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I have a little time this morning, because the inspection I was scheduled to perform got cancelled - by me. We have cancelled approx 20 inspections this year.

The scenario is this: Buyer calls, schedules an appointment and confirms it with their agent. We show up, always a little early, and find a "pretty" older house - you know the ones with new vinyl siding, cardboard flooring, pvc or flex PEX, 100amp panel, gfci outlets everywhere, bright interior paint, new composition kitchen cabinets, decks, three prong outlets, new stool and vanity and cheap carpet.

Buyer shows up, single young working mother, first home, no down payment Kamakazzi Mortgage company, and promptly tells you how much she is depending on YOU to protect her from buying a bad house.

Ya Ya, don't get nutty on me, I been doing this for decades and know how to handle the situation. This company is quite sucessful because we are always honest and keep up with continuing education. We are not the problem, the buyer is not the problem, the real estate agent is not the problem - the problem is this is an investment house. Two years ago the house was bought as a repo by a ribbon clerk with his 401K funds and proceeded to lickem and stickem with his late night TV books and schemes and now we have a piece of ***** that will fall apart in a year or so and be back on the repo market.

Sure it is easy to start writing notes that would fill fourteen legal pads and render a report that would be accurate and meaningful or just tell Miss Buyer this may not be the house for you and your skill set as an owner.

Everyone gets disappointed, I get feeling sorry for Miss Buyer because $300 is alot of money for a poor choice. Oh well, I guess I am just feeling guilty because a buckethead inspector will "inspect" it next week for someone else and it will pass HUD standards with flying colors. Then it becomes a FHA approved house that is perfect in everyway.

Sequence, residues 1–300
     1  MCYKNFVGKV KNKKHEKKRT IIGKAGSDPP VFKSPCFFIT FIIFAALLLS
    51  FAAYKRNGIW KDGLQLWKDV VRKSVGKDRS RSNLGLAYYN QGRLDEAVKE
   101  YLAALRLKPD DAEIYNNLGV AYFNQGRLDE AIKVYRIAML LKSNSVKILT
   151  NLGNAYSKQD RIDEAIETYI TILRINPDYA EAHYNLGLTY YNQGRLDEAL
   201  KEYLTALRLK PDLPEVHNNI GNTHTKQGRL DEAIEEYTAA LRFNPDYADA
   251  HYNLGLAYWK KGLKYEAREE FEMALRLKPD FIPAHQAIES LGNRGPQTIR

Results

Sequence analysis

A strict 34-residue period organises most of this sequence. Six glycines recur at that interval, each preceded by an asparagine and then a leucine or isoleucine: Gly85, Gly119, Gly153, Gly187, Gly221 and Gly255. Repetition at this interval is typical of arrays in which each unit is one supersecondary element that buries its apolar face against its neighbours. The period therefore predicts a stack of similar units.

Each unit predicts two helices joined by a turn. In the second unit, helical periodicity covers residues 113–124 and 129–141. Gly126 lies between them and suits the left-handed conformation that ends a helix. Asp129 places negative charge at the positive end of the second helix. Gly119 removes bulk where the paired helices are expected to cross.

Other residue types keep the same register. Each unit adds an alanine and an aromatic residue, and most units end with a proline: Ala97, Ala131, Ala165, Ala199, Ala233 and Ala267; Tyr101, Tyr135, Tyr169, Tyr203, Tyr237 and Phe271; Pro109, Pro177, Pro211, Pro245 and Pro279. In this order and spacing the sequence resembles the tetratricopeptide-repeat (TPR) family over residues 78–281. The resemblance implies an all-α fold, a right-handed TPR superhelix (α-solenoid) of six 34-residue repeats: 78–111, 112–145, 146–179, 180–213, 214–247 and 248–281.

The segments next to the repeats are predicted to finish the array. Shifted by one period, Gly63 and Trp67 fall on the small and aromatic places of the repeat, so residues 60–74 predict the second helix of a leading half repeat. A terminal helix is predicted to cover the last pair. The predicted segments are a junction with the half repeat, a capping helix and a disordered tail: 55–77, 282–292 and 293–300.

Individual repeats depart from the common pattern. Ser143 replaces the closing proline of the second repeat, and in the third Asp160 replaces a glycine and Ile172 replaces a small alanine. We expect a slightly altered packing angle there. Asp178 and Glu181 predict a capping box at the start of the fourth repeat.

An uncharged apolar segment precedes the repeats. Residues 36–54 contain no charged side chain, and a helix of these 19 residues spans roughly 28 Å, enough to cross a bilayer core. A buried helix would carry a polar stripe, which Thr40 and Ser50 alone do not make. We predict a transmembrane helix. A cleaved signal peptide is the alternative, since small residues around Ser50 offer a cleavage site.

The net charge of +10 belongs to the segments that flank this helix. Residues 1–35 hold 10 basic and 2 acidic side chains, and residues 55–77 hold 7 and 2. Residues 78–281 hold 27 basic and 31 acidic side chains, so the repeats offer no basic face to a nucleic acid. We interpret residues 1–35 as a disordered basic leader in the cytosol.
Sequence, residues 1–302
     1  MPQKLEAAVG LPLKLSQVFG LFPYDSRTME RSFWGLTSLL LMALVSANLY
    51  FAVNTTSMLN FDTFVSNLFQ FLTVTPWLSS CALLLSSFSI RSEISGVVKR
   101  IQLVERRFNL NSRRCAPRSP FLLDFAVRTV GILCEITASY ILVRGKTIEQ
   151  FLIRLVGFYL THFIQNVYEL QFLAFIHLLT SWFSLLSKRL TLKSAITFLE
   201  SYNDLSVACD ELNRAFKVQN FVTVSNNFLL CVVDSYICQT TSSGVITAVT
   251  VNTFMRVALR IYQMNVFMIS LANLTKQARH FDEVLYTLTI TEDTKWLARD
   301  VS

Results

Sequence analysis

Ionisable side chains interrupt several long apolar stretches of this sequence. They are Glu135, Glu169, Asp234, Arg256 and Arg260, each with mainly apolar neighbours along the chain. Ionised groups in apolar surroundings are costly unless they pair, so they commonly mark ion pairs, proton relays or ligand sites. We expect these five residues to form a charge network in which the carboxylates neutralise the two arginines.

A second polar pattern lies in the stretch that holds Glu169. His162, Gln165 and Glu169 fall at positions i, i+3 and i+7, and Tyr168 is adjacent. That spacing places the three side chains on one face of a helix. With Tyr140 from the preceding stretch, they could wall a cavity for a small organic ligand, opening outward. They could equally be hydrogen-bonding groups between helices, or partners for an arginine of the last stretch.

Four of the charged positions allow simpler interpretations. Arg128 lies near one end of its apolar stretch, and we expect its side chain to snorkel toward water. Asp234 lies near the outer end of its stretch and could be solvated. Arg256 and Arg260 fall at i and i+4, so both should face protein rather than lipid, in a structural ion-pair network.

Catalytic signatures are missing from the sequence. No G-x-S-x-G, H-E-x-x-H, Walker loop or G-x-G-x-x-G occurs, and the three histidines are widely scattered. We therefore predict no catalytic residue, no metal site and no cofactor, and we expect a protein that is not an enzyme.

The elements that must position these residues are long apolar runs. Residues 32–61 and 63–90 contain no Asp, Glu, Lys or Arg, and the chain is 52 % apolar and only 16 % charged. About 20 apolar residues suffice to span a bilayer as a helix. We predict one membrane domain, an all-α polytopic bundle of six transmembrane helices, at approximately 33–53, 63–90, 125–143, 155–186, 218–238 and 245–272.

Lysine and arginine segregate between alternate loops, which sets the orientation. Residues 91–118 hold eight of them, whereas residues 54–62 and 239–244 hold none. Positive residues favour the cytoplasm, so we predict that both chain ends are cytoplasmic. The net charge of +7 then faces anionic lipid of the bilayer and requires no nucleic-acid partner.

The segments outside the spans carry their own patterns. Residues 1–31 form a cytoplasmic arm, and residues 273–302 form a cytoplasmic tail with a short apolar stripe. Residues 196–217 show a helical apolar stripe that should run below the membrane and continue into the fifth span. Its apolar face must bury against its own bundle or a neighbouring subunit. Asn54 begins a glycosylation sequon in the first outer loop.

Some of my favorite updates from these investor crooks are: 100panel with three breakers and knob and tube within 16" of panel, pex supply lines, cardboard flooring that slaps when you walk on it, carpet with edges glued and no tack strips, new stools supplied with galv pipe and no stop valve, plastic(Saran wrap) tub enclosures, carpet tile in bathrooms, wobbly decks fastened with drywall screws, kitchen cabinets fastened thru back board with drywall screws, three prong outlets on K&T, new water heaters with 3" flues into a 2'x2' unlined chimney - - - -

I could go on forever, but now I feel better!

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Good for you, Les!

I had to do the same thing about 6 months ago.

A young girl first time home buyer purchasing a 120 year old farm house needing tons of work. The floors were more like a mountain range.

The "dad" in me took over and I told her "You simply aren't prepared to own this home. It's a project that will eat you alive."

She walked and when she wasn't looking even her agent looked at me and clasping her hands mouthed a relieved "thank you!" It was hilarious.

No charge just use me again when you find something more suitable.

Come to think of it, I never heard from her again, but that's fine with me. I'm sure she'll never foget what I did for her.

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But I question the RE agents in both cases. I feel it is their duty to help you find "the right house". Unless the agent thought she had a dummy, and was looking for a quick buck. Ya think there are agents like that out there? Naw...

MGB, If that look she gave you was a look of relief and not embarassment, why didn't she simply not show her client the house, or tell her it wasn't for her, even before she called you?

Some, probably most inspectors would have done the inspection and presented the potential buyer with a report... and a bill. Both ways are honest, Les and you showed you had a heart.